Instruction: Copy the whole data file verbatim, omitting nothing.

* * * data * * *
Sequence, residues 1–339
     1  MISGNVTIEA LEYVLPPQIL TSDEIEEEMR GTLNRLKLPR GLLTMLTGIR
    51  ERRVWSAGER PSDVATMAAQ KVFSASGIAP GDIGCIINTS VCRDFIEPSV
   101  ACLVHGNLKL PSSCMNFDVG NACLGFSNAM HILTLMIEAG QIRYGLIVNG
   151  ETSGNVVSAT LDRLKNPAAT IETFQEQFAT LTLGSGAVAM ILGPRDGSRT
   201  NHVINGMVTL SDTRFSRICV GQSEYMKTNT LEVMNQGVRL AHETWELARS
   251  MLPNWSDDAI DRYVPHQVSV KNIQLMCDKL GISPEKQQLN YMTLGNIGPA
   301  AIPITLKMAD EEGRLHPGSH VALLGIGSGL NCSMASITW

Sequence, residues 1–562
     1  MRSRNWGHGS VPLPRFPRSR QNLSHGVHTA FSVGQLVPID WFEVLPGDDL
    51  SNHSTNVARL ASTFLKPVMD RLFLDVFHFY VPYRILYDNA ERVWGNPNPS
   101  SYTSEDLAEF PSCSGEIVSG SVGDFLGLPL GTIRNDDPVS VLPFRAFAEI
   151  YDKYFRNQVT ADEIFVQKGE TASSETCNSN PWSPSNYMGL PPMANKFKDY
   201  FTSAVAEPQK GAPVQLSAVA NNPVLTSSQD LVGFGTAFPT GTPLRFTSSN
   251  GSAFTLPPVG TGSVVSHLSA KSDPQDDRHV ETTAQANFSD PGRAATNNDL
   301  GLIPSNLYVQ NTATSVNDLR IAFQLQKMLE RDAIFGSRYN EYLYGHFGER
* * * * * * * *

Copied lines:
Sequence, residues 1–339
     1  MISGNVTIEA LEYVLPPQIL TSDEIEEEMR GTLNRLKLPR GLLTMLTGIR
    51  ERRVWSAGER PSDVATMAAQ KVFSASGIAP GDIGCIINTS VCRDFIEPSV
   101  ACLVHGNLKL PSSCMNFDVG NACLGFSNAM HILTLMIEAG QIRYGLIVNG
   151  ETSGNVVSAT LDRLKNPAAT IETFQEQFAT LTLGSGAVAM ILGPRDGSRT
   201  NHVINGMVTL SDTRFSRICV GQSEYMKTNT LEVMNQGVRL AHETWELARS
   251  MLPNWSDDAI DRYVPHQVSV KNIQLMCDKL GISPEKQQLN YMTLGNIGPA
   301  AIPITLKMAD EEGRLHPGSH VALLGIGSGL NCSMASITW

Sequence, residues 1–562
     1  MRSRNWGHGS VPLPRFPRSR QNLSHGVHTA FSVGQLVPID WFEVLPGDDL
    51  SNHSTNVARL ASTFLKPVMD RLFLDVFHFY VPYRILYDNA ERVWGNPNPS
   101  SYTSEDLAEF PSCSGEIVSG SVGDFLGLPL GTIRNDDPVS VLPFRAFAEI
   151  YDKYFRNQVT ADEIFVQKGE TASSETCNSN PWSPSNYMGL PPMANKFKDY
   201  FTSAVAEPQK GAPVQLSAVA NNPVLTSSQD LVGFGTAFPT GTPLRFTSSN
   251  GSAFTLPPVG TGSVVSHLSA KSDPQDDRHV ETTAQANFSD PGRAATNNDL
   301  GLIPSNLYVQ NTATSVNDLR IAFQLQKMLE RDAIFGSRYN EYLYGHFGER